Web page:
Even with an overall budget increase for K-12 schools next year, the state will devote less money to helping some urban districts such as Wayne Township Schools educate its most vulnerable, low-income students.
The B-rated and racially diverse district on Indianapolis’ west side will lose $4 million next year in special state funding — and potentially more federal money, too — through a portion of a complicated formula devoted to helping economically disadvantaged students.
The loss of those special funds will leave Wayne Township’s overall state funding flat next year at about $116 million.
But suburban Carmel Clay Schools, top-ranked academically, will escape such a blow. With just 10 percent of students coming from low-income families, the district will instead see one of the larger increases in state support because of the overall funding boost — up more than 3 percent to more than $95 million.
The state’s $32 billion two-year budget, approved after midnight Saturday, hikes overall K-12 education spending by 1.7 percent to more than $7 billion per year while narrowing a state funding gap that favors poorer districts over wealthier ones. It also nearly doubles Indiana’s investment in pre-kindergarten for low-income students.
The House voted 68-30 to pass the budget, and the Senate approved it 42-8. The proposal now proceeds to Gov. Eric Holcomb for final approval.
In K-12 education, the funding formula raises the base per-pupil funding level for all schools, while spending less on a district’s low-income student population, known as the “complexity index.”
“The reduction in complexity index hits us hard,” said Wayne Township Schools Superintendent Jeff Butts.
About 75 percent of Wayne Township students qualify for free or reduced lunch, according to state data.
“When you have an increase in population of students who are coming to you with high needs, it really does present a challenge when you’re trying to compensate for some of those societal issues they’re bringing into school,” Butts said.
Overall, Wayne Township Schools’ state funding will remain flat next year and increase less than 2 percent in 2019, according to the budget.
That will factor into the district’s negotiations with the teachers’ union on the next contract, Butts said. He added that if the district has to make reductions as a result of its funding levels, he will try to avoid reductions in instructional spending.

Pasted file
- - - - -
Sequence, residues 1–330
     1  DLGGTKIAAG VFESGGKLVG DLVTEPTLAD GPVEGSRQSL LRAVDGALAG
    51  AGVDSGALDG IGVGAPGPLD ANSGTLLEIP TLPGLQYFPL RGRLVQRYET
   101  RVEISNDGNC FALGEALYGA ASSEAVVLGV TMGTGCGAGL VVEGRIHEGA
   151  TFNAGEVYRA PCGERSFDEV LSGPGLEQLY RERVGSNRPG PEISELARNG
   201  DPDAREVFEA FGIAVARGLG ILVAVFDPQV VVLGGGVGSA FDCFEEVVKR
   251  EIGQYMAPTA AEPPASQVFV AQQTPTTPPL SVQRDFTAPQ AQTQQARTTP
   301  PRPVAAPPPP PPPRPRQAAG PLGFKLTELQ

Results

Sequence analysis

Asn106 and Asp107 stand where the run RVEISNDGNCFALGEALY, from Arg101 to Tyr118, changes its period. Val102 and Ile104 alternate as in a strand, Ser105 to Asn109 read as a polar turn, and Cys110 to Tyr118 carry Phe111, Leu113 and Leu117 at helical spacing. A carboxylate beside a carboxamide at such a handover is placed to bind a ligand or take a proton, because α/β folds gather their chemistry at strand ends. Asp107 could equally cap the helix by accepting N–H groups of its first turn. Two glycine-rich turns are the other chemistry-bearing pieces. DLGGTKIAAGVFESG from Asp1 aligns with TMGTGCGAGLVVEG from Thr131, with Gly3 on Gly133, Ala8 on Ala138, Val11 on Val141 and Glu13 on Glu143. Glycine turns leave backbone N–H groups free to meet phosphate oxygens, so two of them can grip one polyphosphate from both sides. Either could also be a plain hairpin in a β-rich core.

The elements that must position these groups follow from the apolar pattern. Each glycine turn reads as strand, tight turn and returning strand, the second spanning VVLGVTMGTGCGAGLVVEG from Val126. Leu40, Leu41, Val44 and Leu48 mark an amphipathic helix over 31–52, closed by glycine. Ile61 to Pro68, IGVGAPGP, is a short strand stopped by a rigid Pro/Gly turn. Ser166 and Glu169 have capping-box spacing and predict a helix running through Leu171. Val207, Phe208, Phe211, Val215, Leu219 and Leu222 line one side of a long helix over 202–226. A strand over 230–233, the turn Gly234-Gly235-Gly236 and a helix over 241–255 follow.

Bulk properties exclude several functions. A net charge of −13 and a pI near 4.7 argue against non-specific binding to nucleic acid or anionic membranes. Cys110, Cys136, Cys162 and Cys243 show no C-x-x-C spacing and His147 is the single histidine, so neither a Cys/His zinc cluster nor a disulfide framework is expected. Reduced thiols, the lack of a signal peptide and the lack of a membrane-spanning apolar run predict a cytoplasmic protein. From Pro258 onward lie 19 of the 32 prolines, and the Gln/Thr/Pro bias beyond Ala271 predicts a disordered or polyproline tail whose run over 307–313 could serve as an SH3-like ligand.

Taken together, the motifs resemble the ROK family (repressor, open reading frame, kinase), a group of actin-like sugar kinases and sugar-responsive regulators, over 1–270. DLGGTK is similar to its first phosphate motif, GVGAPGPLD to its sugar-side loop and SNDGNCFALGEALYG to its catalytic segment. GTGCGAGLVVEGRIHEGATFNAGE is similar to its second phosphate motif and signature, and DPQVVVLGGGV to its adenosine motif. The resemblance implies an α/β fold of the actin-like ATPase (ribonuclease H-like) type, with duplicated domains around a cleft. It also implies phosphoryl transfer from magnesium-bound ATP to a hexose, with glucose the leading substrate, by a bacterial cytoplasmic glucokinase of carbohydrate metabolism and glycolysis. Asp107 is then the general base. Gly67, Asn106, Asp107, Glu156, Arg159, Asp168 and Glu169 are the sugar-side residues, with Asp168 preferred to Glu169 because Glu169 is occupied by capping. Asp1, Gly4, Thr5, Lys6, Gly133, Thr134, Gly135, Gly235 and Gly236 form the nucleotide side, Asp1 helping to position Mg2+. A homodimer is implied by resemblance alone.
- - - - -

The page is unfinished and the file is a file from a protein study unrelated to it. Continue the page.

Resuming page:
Other Marion County school districts, including Pike Township, also won’t see the proportionally large increases that suburban districts will receive. Pike Township Schools also will stay essentially at the same funding level next year, with small rise by 2019.
In Indianapolis Public Schools, Superintendent Lewis Ferebee said losses in funding for low-income students are offset by increases in funding for English-language learners and special education.
“We fared well in the sense that we didn’t realize any reductions in funding overall for the district,” he said, “which is always a concern.”
Still, the consideration of “complexity” means that high-needs districts such as IPS and Wayne Township will continue to receive more than $1,000 more per-pupil than wealthier districts such as Carmel and Zionsville.
Consider that Wayne Township’s per-pupil funding remains the same next year at $7,230, while an increase of about 3 percent brings Carmel’s per-pupil funding to $5,982. Both districts serve about 16,000 students.
Suburban districts, often some of the highest-performing in the state, have often pushed to close the funding gap, arguing that lower funding rates leave them struggling to maintain educational offerings.
Carmel and Zionsville schools declined to comment for this story.
Key legislative leaders said they were pleased with the budget proposal’s support for pre-kindergarten, a debate that had consumed the length of the session.
The On My Way Pre-K pilot program would expand to 15 counties and receive $21 million yearly, a $9 million increase from the current two-year budget, to educate 4-year-olds from low-income families. An additional $1 million would go toward an online-based education pilot.
Gov. Eric Holcomb, who pushed for the pre-K expansion, said it would be a “joy” to sign the legislation.
“I’m thrilled our lawmakers are providing thousands of low-income Hoosier families access to high quality early education,” Holcomb said in a statement. “This important legislation gives more children in more counties the chance to start their educational journey on the right foot.”
Still, early education advocates said Indiana needs a greater buy-in for pre-K. Business and civic groups backing pre-K, including the United Way of Central Indiana and Eli Lilly and Co., called the allocation “a down payment on Indiana’s future” but added in a statement, “There is more work to do.”
Other features of the budget include a $95 million increase over two years for the Department of Child Services, which is handling an uptick in child abuse and neglect cases driven in part by Indiana’s opioid epidemic.
The state also more than doubled funding for Adult Protective Services to more than $5 million each year, after an IndyStar investigation revealed that severe underfunding of the agency put thousands of Indiana’s most vulnerable adults at risk of horrific abuse and neglect.
IndyStar reporter Stephanie Wang
Evansville Courier & Press reporter Kaitlin Lange